You’ve seen the reports of Pope Francis’s recent impromptu response to a question about the crisis of marriage. In his unscripted comments, he initially said that “the great majority of our sacramental marriages are null.” When the Vatican released the official transcript of his comments, with papal approval, it read “a portion of our sacramental marriages are null.” Here’s a link to the story.
Like many instances of Pope Francis’s off the cuff comments, this caused a stir. Here are a variety of responses reported by the Washington Post.
It may not have been prudent for the pope to “plop” this statement out there without more context and nuance. Nonetheless, Pope Francis may well be giving a realistic assessment of the extent of the crisis in the Church today regarding marriage.
[tweetthis]Couples must mean that marriage is a faithful, permanent union of one man & one woman that is open to children.[/tweetthis]
A lot of Catholics have the idea that marriage is something that “happens” to them by virtue of going through a wedding ceremony in the Church. But marriage doesn’t happen unless the ministers of the sacrament (the bride and groom) commit to what marriage is. And one of the conditions for making such a commitment is what the Church calls a proper “knowledge of the sacrament.” Put another way, “ignorance of the sacrament” is grounds for an annulment. In short, couples must mean what the Church means by marriage: a faithful, permanent union of one man and one woman that is open to children.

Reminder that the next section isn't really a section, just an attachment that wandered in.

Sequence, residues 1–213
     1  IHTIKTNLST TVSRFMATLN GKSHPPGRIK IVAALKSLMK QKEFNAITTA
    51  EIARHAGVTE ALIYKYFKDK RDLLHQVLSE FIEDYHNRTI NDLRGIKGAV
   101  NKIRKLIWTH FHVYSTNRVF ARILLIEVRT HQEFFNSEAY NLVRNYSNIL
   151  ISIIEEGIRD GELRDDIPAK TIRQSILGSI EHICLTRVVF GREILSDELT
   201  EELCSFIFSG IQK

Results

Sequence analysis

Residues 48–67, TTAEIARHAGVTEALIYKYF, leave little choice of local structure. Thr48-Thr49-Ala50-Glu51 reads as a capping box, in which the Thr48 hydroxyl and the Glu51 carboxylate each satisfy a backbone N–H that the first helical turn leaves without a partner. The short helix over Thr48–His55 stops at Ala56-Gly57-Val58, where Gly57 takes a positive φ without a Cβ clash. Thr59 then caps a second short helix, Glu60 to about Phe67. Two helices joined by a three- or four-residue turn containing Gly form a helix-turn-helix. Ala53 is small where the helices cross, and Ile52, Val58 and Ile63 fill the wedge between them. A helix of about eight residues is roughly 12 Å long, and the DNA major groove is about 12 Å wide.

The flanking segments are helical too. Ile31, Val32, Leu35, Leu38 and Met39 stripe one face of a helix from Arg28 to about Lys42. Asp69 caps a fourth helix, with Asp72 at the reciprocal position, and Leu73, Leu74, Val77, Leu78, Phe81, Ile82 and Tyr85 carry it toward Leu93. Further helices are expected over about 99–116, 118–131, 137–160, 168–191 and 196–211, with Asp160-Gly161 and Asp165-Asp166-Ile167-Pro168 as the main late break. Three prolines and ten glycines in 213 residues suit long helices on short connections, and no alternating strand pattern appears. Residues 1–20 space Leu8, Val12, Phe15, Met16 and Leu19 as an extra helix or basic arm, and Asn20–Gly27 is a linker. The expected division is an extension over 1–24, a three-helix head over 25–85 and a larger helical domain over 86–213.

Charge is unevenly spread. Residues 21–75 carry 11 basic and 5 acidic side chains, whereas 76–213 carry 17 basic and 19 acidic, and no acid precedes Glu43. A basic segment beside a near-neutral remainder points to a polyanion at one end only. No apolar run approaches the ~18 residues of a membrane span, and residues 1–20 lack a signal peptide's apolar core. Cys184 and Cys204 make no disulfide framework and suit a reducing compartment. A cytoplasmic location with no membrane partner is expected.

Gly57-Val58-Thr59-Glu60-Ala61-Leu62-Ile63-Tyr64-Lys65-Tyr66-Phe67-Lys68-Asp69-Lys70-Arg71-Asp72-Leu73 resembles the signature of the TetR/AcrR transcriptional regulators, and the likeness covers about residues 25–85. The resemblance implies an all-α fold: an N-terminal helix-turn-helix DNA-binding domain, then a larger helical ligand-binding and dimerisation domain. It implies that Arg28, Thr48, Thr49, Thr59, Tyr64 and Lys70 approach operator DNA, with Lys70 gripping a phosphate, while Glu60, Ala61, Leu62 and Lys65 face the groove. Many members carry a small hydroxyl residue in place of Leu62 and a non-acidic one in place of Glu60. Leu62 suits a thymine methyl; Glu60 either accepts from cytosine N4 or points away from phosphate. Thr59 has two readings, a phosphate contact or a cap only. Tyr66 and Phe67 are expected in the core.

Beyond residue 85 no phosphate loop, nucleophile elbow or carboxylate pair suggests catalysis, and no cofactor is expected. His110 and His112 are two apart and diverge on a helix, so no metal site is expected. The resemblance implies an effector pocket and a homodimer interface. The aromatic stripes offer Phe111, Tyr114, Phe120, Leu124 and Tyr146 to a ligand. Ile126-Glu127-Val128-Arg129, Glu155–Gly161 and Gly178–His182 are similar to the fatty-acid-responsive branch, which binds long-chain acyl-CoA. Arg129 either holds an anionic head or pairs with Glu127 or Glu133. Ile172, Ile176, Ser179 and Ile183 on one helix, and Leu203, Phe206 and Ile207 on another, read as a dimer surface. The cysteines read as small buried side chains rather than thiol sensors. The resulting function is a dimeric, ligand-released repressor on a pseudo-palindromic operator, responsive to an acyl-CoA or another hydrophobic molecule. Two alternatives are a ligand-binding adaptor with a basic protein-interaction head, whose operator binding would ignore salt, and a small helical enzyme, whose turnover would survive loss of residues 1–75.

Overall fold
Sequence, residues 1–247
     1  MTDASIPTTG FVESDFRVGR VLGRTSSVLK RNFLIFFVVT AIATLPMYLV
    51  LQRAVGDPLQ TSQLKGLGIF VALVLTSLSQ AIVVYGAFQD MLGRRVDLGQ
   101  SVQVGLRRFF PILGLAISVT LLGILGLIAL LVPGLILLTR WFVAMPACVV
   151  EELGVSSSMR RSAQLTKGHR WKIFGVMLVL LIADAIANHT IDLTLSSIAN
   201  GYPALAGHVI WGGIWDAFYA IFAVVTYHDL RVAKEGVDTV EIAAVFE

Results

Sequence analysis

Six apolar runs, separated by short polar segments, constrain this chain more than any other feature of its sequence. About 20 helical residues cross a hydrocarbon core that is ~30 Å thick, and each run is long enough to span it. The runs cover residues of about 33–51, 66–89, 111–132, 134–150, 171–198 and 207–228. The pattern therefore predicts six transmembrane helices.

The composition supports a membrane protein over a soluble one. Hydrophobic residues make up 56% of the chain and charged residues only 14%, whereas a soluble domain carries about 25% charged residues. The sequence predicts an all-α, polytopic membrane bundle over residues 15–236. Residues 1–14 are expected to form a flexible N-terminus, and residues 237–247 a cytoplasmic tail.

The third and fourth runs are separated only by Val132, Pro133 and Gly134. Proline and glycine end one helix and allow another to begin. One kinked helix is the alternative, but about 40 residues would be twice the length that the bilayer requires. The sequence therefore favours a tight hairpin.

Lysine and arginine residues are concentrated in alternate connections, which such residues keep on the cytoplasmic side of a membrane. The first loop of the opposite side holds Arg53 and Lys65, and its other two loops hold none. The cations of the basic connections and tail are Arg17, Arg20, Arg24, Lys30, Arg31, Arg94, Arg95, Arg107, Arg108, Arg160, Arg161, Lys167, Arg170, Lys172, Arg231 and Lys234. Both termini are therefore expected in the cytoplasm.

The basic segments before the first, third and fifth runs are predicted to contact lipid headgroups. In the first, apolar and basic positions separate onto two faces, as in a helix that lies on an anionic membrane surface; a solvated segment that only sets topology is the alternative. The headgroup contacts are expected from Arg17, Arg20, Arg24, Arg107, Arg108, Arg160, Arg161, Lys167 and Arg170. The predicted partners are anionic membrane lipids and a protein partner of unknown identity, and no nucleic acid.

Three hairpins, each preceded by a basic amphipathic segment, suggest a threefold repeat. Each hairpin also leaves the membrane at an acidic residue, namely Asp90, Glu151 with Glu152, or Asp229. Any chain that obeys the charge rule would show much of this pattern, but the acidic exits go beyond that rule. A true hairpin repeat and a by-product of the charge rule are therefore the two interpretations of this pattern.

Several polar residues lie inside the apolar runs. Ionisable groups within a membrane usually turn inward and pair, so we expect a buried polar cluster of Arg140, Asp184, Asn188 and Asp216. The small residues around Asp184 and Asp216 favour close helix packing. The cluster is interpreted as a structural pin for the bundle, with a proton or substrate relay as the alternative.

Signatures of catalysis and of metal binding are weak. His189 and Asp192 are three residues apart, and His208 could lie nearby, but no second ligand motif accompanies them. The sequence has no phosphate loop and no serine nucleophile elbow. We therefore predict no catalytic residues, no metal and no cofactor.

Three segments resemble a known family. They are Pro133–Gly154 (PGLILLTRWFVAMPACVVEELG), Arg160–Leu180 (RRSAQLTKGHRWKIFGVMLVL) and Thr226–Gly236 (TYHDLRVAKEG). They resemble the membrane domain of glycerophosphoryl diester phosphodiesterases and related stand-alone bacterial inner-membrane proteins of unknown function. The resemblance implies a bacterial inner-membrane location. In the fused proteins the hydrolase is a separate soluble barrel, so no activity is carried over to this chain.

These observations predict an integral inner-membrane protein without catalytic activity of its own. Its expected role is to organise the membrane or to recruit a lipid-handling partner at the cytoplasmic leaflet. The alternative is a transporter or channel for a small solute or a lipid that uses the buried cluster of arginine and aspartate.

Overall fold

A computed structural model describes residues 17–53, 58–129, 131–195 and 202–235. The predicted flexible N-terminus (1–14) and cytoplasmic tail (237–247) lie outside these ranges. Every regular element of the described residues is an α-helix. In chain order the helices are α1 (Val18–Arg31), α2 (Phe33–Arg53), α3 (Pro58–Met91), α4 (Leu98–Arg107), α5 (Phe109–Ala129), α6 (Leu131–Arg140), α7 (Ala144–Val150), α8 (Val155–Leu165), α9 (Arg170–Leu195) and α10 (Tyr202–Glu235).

I took about 2000 couples through marriage preparation when I was the Director of the Marriage and Family Life Office for the Archdiocese of Denver. I’m not a canon lawyer, but based on circumstantial evidence, I would have to guess that, despite sincere efforts to catechize them and invite a change of heart, a majority of those couples did not intend what the Church intends by marriage. For example, how many people marrying in the Church today believe that it is an “injustice” that the Church “denies marriage” to people of the same sex? Those who do not understand why only a man and a woman can marry are suffering quite dramatically from “ignorance of the sacrament” and it can be argued quite strongly that that level of ignorance incapacitates them from entering the sacrament validly.
Francis could have been clearer and more nuanced in his statements. But he is not in error to point out the extent of the crisis. That’s my take. What do you think?
Photo: Francisco Moreno/Unsplash.com.